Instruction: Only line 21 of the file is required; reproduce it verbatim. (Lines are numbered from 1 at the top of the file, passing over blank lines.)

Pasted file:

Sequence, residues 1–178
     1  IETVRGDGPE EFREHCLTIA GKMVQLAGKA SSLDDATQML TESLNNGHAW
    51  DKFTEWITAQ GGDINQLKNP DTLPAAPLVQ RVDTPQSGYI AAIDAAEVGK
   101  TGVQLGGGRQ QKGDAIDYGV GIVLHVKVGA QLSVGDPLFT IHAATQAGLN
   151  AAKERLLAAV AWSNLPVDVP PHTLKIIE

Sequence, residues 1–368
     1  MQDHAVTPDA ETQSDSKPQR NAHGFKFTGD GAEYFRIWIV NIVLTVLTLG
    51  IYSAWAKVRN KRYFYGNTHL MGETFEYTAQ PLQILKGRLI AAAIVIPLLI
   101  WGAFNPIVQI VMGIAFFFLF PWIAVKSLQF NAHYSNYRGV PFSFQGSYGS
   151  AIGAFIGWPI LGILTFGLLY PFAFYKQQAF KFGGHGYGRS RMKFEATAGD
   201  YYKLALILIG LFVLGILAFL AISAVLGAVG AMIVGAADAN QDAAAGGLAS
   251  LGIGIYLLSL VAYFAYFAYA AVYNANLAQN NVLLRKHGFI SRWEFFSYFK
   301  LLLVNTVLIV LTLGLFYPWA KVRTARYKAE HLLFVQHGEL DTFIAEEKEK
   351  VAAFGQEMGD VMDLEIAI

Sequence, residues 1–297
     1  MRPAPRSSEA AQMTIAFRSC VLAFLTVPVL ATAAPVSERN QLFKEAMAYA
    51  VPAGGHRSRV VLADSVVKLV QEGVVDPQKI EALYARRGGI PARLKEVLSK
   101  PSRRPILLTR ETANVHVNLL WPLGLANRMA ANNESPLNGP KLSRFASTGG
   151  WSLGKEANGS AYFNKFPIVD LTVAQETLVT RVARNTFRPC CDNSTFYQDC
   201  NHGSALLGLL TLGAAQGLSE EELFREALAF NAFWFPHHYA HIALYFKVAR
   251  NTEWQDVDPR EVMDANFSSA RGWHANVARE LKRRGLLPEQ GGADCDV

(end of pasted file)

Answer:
   251  NTEWQDVDPR EVMDANFSSA RGWHANVARE LKRRGLLPEQ GGADCDV